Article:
We are in a great battle and we are in deep shit and the forces of stupidity that failed with the Human Genome, have mounted an aggressive Neo Liberal campaign. However, I am fascinated by new developments emerging in the field of Biosemiotics. There is a ground swell of information that I find is absolutely breathtaking. There is a relationship between the sparrow, the Crow who cracked the nut and the Ornithologist. The subject of Biosemiotics comes out of Bateson’s work in meta-communications and I am currently studying this difficulty area. I am using Bateson’s ideas here in this Cafe. This is what Davor refers to as Second Order Culture. I have a lot of knowledge around the Bind and the Double Bind. I performed this knowledge in complex and unstable social systems and I have taken notes. But this is hard work and I dont sense a keen incentive to risk anything here at the Cafe. I dont want my decades of hard work labelled and ignored. I can go to my grave with my secrets. I believe, I am much, much more cynical than you are, Ed.

And I would be reluctant to bring this kind of investigation to the Cafe as I have yet to feel that Davor’s hard work ( and mine) has been properly sponsored. Millions of people, through out history, have loved and lost. And I have had to face that harsh reality. And I am sick and tired of endless critique.

And why should you take the time to figure this out, Ed? Maybe you shouldn’t bother. And then what happens to the Cafe Society?

Frustrated by this, Ed, and I am ready to let it go and get out my top hat and my tux and go out for a stroll on Fifth Avenue. But I do feel there is a social space that can allow sponsors between well intentioned academics and non experts to come together and share knowledge, maybe even wisdom. But it hasn’t happened yet on a large enough scale. That i believe is a point that Davor is making, but you would have to take the time to read the subtext. And that is a stretch for most of us, certainly is for me. I feel the window of opportunity is closing. As the saying goes, you use it or you lose it. Life is majestically brutal,.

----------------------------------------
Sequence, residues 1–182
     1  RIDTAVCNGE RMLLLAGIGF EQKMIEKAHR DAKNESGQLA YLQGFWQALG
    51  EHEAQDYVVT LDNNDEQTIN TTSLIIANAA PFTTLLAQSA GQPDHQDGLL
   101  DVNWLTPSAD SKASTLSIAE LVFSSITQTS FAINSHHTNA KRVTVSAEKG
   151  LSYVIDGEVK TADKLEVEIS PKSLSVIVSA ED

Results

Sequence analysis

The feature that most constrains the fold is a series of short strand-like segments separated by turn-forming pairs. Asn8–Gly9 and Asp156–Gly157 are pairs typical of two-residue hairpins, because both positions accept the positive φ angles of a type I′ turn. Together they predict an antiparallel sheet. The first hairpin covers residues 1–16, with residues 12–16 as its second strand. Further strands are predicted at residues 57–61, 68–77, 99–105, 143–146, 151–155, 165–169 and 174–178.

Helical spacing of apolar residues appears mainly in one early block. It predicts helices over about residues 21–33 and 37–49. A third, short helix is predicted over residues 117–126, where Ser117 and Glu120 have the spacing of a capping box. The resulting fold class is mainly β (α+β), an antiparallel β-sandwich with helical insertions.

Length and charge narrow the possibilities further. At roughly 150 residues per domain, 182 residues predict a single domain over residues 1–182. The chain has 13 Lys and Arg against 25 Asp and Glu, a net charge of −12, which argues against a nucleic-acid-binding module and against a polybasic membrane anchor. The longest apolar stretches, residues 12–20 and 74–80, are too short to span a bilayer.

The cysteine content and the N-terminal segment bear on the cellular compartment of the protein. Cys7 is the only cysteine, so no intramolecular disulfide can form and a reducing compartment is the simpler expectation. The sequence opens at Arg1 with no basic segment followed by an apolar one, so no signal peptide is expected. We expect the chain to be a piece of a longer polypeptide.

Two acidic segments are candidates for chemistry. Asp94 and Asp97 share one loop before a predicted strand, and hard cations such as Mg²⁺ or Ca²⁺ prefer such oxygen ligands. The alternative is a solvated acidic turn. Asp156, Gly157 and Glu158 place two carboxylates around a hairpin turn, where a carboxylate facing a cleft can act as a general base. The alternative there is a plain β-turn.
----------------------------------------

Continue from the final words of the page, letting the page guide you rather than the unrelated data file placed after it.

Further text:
(Marco V Morelli) #31

Reading through this thread, I find it difficult to know what to pick up on. There are so many it seems to me valid points; and I also see now, that @achronon and @patanswer have been reading the text with a much closer and more critical focus than I did the first time around.

Admittedly, I am drawn to the big, bold ideas—the details concern me less, though I know they’re important.

The question concerning post-human discourse is an important “detail.” Does the “human” have some essential role to play (or even eternal identity) within the Cosmos, or are we merely and truly a transitional form? Where one falls on this question determines a lot.

What I find attractive in Löffler’s analysis is the generative part. He is not just saying that we can formally predict aspects of the future (extrapolating from the complexification of machines & mental logics), but that in our next phase we can virtualize multiple futures in advance (through a kind of broadband scenario planning capability), and then weight or emphasize those futures which are more desired.